Tuesday, May 29, 2007

Doing it right

As Ali Eteraz reports, Tarek Fateh shows us how to critique a social practice correctly: He identifies specific practices in actual reality, makes his criticism directly, and draws reasonable conclusions about the underlying principle:
I attended an Iranian Canadian event in Toronto where I was, perhaps, the only non-white, non-Iranian among the 1,000 immaculately turned out guests. When I asked friends at the table why there were no black, Chinese or Arabs at the event, I drew blank stares of bewilderment. Unsaid, but easily understood in the silence was the answer “Why would a Chinese Canadian or an Indian Canadian be interested in an Iranian event?” ...

Earlier that week, I had attended a Tamil Canadian event, where, too, the situation was the same. Only Tamil Canadians and white Canadians were invited. No Arabs, no Iranians, no Chinese were among the audience; my presence being the anomaly. When I raised the same issue with my Tamil hosts, they, to their credit, were far more willing to accept the fact that they had overlooked the issue out of neglect. ...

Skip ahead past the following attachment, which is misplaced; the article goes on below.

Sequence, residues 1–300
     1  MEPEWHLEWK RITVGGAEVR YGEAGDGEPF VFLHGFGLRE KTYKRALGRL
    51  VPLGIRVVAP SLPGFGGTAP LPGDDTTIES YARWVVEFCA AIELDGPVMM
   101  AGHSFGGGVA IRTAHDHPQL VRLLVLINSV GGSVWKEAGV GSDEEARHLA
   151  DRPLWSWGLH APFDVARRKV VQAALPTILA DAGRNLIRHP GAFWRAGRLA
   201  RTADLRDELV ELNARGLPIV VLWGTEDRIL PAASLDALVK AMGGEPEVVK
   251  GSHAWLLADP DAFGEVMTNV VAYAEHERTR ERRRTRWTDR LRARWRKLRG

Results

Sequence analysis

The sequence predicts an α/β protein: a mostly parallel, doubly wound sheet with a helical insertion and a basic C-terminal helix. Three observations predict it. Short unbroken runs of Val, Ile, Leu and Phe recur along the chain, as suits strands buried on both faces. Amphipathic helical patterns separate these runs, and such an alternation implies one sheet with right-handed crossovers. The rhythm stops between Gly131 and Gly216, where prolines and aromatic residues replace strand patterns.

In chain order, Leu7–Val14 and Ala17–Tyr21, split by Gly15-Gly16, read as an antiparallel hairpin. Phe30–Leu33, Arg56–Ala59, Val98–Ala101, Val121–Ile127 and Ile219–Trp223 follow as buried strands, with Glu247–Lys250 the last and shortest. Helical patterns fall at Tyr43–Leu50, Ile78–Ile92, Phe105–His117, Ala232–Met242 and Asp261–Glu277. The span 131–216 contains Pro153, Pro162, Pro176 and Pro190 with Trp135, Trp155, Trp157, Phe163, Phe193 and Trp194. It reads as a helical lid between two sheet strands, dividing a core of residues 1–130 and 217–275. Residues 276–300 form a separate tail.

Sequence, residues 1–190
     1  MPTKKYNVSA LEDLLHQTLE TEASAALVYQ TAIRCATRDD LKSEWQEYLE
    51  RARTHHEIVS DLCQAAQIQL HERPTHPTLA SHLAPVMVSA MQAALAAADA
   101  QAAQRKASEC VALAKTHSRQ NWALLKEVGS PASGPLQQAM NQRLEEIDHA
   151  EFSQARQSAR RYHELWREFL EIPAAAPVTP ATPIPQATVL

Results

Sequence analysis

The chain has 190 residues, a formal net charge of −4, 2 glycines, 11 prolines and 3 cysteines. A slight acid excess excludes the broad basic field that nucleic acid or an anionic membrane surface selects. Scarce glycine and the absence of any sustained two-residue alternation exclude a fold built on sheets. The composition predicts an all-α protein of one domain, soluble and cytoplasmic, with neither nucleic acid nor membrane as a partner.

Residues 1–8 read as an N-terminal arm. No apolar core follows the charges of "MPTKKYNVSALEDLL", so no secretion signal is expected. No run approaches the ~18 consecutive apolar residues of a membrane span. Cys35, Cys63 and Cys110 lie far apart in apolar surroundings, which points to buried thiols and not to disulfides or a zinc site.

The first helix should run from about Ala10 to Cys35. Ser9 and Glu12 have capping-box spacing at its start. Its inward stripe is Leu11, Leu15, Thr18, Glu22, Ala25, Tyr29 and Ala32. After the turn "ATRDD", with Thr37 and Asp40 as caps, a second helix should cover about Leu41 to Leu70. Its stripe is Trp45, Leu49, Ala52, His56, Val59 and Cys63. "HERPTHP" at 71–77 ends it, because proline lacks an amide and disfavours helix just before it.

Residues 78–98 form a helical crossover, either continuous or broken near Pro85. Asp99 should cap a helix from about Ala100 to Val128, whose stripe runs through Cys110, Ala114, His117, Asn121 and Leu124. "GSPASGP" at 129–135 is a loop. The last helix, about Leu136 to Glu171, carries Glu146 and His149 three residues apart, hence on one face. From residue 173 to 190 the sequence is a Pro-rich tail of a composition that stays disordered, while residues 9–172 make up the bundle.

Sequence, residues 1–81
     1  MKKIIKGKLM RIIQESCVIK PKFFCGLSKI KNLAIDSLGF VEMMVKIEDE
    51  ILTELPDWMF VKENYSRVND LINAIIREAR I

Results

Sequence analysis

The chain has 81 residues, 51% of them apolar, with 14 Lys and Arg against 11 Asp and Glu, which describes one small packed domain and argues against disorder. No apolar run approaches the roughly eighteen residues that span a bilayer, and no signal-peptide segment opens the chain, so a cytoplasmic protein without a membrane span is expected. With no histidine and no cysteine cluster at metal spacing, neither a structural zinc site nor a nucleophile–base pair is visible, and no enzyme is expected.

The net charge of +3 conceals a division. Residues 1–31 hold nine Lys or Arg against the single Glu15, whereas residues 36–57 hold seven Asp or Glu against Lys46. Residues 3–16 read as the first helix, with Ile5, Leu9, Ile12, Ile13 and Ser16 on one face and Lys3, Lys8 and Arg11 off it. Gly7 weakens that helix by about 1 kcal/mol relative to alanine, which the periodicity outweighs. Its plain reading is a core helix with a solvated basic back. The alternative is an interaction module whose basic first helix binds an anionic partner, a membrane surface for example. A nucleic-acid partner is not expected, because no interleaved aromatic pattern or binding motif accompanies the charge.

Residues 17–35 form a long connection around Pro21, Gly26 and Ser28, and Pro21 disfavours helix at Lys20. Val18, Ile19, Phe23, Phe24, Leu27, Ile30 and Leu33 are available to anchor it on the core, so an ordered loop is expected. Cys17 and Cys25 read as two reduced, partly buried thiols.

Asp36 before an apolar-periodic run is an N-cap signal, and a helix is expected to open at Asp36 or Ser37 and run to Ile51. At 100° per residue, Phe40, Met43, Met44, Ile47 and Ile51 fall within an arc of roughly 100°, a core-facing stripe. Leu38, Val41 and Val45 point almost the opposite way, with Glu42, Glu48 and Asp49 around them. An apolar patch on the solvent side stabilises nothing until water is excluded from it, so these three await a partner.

In this era of identity politics, where people are being pushed into religious and racial silos, multiculturalism can very easily provide fertile soil for nurturing our primitiveness, rather than celebrating reason and our common humanity.

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